Catholic Church announces extensive guidelines to implement Laudato Si’
"Time has grown short" (1 Cor 7:29) is an urgent call echoing through the scripture quote that opens the new Catholic Church operational guidelines for implementing Laudato Si’, Pope Francis’ encyclical on care for our common home.
The document, titled Journeying Towards Care for Our Common Home: Five Years After Laudato Si’ was announced by the Vatican at a press conference in Rome on June 18th, marking the fifth anniversary of the publication of Laudato Si’. The text was drafted through a collaboration of several Vatican departments along with contributions from Bishops' Conferences, and various Catholic organizations including Caritas Internationalis and the Global Catholic Climate Movement (GCCM).
One of the press conference panelists, Msgr. Bruno Marie Duffé highlighted that Laudato Si’ urges listening to “both the cry of the earth and the cry of the poor”(#49) and proposes a path of conversion. We know that path exists only thanks to witnesses who walk along with it, acting on the path outlined in Laudato Si’.
Aiming to inspire action in the Catholic Church and in the world, the document has two main parts divided into sections each with reflections, stories of good practices from around the world, and pathways for action. The first part focuses on education and ecological conversion. It promotes care for our common home as an area for building ecumenical and interreligious dialogue and collaboration. The second part covers several issues related to integral ecology and integral human development.
The extensive pathways for action include effectively protecting traditional communities and Indigenous Peoples, as well as their rights.
Good practices bring Laudato Si’ to life
Canadian examples of good practices in the guidelines include the Creation Care Ministry set up by the Archdiocese of Ottawa as well as the Jesuit Forum Laudato Si’ dialogue guide published by the Canadian Conference of Catholic Bishops.
Various initiatives of the Global Catholic Climate Movement are among the good practices highlighted in the text including its climate change advocacy, Laudato Si’ Generation, Eco-Parish Guide, and Laudato Si’ Animators program. This program has trained thousands of local leaders in more than 100 countries including Canada, helping them to put Laudato Si’ into action in parishes, schools, and local communities. GCCM has grown to a global network of around 900 member organizations.
Good practices also featured the commitments by some Catholic Bishops Conferences, Caritas Internationalis, and numerous other Catholic institutions to divest from fossil fuels and highlighted the fossil fuel divestment campaign sponsored by GCCM.
In a multi-faith announcement on May 18th, 42 institutions in 14 countries committed to divest from fossil fuels. This largest announcement ever of divestment by faith communities adds to faith communities as a whole contributing the greatest number of commitments in the global divestment movement, with nearly 400 in the global total of over 1,200 commitments.
That announcement came during Laudato Si’ Week May 16 – 24, when hundreds of thousands of Catholics around the world united to pray and reflect on how to build a more just and sustainable future. Many participated in global workshops. Hundreds of local actions and events were also organized such as the Women of Faith: Eco-Leaders Webinar by GCCM Canada. At the end of the week, Catholics everywhere joined in the global day of prayer. Watch this short video for a great overview of the week.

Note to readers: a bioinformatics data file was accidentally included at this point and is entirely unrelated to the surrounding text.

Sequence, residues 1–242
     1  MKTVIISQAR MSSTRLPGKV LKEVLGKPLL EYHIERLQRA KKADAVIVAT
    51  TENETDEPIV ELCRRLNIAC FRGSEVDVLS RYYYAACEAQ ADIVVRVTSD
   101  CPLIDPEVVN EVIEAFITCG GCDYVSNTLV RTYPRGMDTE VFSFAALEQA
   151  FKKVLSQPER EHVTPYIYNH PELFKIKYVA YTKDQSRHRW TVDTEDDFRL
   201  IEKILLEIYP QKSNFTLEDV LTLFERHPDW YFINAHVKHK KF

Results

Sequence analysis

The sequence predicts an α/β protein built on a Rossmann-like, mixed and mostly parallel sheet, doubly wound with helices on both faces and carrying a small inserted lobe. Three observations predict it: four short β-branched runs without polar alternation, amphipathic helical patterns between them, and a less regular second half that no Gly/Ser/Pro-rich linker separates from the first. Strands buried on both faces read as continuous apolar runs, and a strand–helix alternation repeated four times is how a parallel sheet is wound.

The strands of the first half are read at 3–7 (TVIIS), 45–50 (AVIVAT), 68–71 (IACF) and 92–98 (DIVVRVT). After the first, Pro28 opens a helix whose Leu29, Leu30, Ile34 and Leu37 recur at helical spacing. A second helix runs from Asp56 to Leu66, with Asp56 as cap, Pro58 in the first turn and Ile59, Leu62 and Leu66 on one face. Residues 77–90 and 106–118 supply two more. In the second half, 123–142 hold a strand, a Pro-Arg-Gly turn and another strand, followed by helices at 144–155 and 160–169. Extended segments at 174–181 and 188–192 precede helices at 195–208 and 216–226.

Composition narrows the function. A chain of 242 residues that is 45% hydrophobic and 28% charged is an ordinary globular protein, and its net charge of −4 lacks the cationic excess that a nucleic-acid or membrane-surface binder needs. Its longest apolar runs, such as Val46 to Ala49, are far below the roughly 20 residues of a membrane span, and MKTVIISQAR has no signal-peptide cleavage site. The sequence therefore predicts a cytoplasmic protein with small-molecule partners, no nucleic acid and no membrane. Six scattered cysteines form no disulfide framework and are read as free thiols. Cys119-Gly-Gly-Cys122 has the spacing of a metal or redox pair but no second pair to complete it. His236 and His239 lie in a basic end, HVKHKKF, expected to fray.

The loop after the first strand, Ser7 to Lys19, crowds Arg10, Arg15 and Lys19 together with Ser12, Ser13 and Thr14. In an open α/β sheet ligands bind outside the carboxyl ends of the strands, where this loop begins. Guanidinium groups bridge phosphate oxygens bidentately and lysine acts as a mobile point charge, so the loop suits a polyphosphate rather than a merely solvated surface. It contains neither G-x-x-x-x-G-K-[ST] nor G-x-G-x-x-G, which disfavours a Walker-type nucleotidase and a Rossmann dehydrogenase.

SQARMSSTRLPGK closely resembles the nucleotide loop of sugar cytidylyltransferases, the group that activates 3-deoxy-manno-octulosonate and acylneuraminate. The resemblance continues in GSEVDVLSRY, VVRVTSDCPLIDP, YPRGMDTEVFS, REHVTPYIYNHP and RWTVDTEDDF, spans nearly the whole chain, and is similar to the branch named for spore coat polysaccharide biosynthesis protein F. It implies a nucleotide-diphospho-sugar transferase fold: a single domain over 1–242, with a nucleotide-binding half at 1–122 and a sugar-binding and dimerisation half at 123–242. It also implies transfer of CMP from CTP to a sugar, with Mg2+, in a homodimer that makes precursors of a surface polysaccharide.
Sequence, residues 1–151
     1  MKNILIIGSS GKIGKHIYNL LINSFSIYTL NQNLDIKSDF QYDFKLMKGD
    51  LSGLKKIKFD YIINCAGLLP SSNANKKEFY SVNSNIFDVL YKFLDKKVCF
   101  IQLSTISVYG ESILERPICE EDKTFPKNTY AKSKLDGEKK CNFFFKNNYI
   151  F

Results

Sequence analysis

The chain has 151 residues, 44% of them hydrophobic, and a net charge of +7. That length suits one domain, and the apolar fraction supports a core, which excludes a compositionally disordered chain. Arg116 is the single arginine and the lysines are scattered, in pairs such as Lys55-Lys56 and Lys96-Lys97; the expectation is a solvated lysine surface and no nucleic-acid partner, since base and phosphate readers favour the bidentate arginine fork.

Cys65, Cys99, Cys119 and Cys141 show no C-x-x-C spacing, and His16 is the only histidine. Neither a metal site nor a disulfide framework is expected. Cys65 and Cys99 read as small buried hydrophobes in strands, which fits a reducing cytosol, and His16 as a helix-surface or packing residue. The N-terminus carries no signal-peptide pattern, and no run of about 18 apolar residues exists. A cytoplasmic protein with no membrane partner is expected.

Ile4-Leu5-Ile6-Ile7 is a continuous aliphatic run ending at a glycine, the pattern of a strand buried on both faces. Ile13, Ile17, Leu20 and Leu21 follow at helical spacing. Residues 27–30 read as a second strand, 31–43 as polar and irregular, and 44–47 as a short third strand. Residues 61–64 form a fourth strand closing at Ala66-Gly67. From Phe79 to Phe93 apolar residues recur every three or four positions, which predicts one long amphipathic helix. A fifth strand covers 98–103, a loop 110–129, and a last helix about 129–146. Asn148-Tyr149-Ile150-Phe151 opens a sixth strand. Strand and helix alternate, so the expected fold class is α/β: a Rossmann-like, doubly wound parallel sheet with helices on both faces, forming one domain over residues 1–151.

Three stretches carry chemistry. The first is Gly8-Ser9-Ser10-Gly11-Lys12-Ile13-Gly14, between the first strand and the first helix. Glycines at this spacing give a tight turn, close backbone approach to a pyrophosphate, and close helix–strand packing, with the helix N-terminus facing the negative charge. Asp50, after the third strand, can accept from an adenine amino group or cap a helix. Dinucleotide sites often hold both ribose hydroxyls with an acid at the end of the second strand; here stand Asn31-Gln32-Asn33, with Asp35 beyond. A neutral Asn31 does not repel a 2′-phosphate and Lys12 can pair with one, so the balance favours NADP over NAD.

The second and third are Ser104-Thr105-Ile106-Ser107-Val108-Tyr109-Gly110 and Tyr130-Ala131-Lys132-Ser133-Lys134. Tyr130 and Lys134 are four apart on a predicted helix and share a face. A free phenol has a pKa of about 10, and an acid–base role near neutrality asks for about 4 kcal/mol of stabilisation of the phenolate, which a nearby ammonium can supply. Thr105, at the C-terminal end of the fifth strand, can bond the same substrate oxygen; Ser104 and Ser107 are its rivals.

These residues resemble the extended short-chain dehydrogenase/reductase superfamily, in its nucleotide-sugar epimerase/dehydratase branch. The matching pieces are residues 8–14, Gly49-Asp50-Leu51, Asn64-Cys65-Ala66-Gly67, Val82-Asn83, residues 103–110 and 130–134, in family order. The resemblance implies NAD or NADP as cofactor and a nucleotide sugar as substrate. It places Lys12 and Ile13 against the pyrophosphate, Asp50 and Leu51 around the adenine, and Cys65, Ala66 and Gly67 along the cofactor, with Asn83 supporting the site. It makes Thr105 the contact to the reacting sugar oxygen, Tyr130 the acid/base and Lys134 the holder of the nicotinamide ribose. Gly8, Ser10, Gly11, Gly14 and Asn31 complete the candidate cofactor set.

Laudato Si’ Anniversary Year and long term plan
Both Laudato Si’ Week and the June 18th Operational Guidelines are initiatives of the Special Laudato Si’ Anniversary Year from 24th May 2020 – 24th May 2021, launched during Laudato Si’ Week by the Vatican office for Integral Human Development. Several initiatives and projects are planned that aim for “ecological conversion in action”. In May 2021 at the concluding conference, they plan to launch the Laudato Si’ Multi-Year Action Platform for the next decade.
In this multi-year plan institutions from seven categories—families, dioceses, schools, universities, hospitals, businesses & farms, and religious orders—will be invited to begin a seven-year journey towards an integral ecology and total sustainability in the spirit of Laudato Si’. Each year a new and hopefully larger group of institutions will be encouraged to begin their seven-year journey. The Vatican hopes to exponentially grow a Laudato Si’ inspired network over the coming decade that reaches “a “critical mass” needed for radical societal transformation”.
Seven Laudato Si’ goals will be used to measure progress towards integral ecology, each with various actions that include protecting biodiversity, defending human life especially vulnerable groups, divesting from fossil fuels, avoiding single-use plastic, adopting a more plant-based diet, promoting the ecological vocation of young people, promoting creation-centered liturgical celebrations as well as promoting advocacy and people’s campaigns.
The Vatican has invited everyone to join in this effort: “We hope that the anniversary year and the ensuing decade will indeed be a time of grace, a true Kairos experience and “Jubilee” time for the Earth, and for humanity, and for all God’s creatures… We invite everyone to join us. The urgency of the situation calls for immediate, holistic, and unified responses at all levels - local, regional, national, and international. We need, above all, “a peoples’ movement”.
On June 18th Journeying Towards Care for Our Common Home: Five Years After Laudato Si’ was released only in Italian so information in this article is based on very informal translations as well as news reports. Official translations are still in process.
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